Barry Jackson

The Miami Marlins haven’t been very active this winter. Here’s why and what’s planned

Miami Marlins welcome Victor Victor Mesa and Victor Mesa Jr.

Victor Victor Mesa and Victor Mesa Jr. talk about why they chose the Miami Marlins on October 22, 2018 at Marlins Park.
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Victor Victor Mesa and Victor Mesa Jr. talk about why they chose the Miami Marlins on October 22, 2018 at Marlins Park.

The Marlins — along with a handful of other teams — haven’t signed a single player from another team to a guaranteed major-league contract this winter, but there’s a reason for it.

Actually, two:

1) They would prefer to first trade catcher J.T. Realmuto so they know what they get back in return and what roster needs must be met in the aftermath. Realmuto’s agent has said his client wants a trade, and the Marlins are open to accommodating him if they can get top value in return.

2) They’re waiting for the market to settle. There are still a ton of free agents waiting to sign, with some of them awaiting decisions by Manny Machado and Bryce Harper and the dominoes to fall.

The Marlins did make a significant move by signing top Cuban prospect Victor Victor Mesa and his brother, Victor Jr. Both are expected to begin the season in the minors. They’ve also signed several big leaguers, including former Pirates slugger Pedro Alvarez, to contracts as non-roster spring training invitees.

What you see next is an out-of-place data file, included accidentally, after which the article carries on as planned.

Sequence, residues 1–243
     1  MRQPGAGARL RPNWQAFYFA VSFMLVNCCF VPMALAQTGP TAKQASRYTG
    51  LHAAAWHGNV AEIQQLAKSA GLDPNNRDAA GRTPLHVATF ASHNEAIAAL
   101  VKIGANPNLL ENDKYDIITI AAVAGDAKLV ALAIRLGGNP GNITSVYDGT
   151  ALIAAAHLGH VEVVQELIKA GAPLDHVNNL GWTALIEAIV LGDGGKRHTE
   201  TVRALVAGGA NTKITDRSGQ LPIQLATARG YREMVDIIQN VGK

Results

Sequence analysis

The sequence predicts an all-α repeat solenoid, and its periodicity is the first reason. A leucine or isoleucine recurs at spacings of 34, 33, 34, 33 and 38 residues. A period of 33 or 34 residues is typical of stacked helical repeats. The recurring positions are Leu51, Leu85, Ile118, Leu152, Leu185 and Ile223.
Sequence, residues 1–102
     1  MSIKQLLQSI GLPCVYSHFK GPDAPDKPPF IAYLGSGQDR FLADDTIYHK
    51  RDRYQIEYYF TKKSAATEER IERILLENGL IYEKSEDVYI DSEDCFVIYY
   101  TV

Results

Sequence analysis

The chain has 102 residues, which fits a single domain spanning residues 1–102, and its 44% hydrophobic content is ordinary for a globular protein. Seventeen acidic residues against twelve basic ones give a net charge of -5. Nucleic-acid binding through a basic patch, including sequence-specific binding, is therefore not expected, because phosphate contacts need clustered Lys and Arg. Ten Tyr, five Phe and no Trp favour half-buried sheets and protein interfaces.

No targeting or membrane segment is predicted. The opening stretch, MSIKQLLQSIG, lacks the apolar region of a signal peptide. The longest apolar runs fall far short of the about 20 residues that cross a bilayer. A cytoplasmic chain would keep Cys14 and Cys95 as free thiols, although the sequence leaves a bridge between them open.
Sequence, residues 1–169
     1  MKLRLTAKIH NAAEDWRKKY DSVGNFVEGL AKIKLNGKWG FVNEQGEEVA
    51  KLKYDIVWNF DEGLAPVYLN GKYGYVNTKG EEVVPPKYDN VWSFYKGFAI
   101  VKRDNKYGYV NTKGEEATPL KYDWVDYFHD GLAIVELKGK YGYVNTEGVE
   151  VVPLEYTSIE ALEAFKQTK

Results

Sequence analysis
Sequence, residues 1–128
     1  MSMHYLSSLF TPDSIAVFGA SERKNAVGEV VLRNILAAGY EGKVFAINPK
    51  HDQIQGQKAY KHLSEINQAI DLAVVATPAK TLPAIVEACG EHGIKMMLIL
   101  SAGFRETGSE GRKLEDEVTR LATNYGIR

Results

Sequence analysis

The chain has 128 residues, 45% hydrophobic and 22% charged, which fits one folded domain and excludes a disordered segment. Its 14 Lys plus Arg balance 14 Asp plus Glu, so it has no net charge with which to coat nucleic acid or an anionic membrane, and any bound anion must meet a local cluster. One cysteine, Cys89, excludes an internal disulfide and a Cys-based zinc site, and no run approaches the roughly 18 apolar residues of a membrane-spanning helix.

Here’s where the Marlins stand financially:



They have $64 million committed to eight players: Wei-Yin Chen ($20 million), Martin Prado ($15 million), Starlin Castro ($11 million), Realmuto ($5.9 million), Dan Straily ($5 million), Miguel Rojas ($3.15 million), Jose Urena ($3.2 million) and Adam Conley ($1.1 million).



Factoring in low-money deals for the rest of the players currently on the potential 25-man roster — none of whom are eligible for arbitration — that would bring the payroll to about $74 million-$75 million.

The Marlins are planning a payroll in the $80 million to $85 million range.

But trading Realmuto and Straily would leave a projected payroll of $63 million-$64 million — if the Marlins don’t get back players earning more than the minimum range. That would leave more money available for free agency.

Straily remains available if the Marlins can get a quality return. Otherwise, Miami is happy to have him on the team.

The Marlins would like to add a left-handed bat who can play multiple positions (infield and outfield), and that likely will be addressed by late February.

There’s also a good chance that the team will have a starting outfielder who isn’t currently on the roster.

Realmuto trade discussions continue, with the San Diego Padres, Tampa Bay Rays, Atlanta Braves, the Los Angeles Dodgers and Cincinnati Reds among those who have had discussions with Miami.

For now, the Marlins don’t have a single proven big-league outfielder, unless Brian Anderson plays there. Lewis Brinson and Magneuris Sierra will have a chance to win starting jobs in spring training, and the Marlins have a dozen legitimate outfield prospects.

But Anderson could be needed at third, unless Martin Prado is healthy enough and shows no diminishing skills.

Peter O’Brien, Garrett Cooper and Martin Prado will compete at first.

The Marlins have Castro at second and a Rojas/J.T. Riddle combination at shortstop.

ANNOUNCERS RETAINED

The Marlins reached new deals with radio announcers Dave Van Horne and Glenn Geffner.

Van Horne, 79, will miss a few games in order to reduce his workload. WINZ-940 will again be the rights-holder.

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Barry Jackson has written for the Miami Herald since 1986 and has written the Florida Sports Buzz column since 2002.


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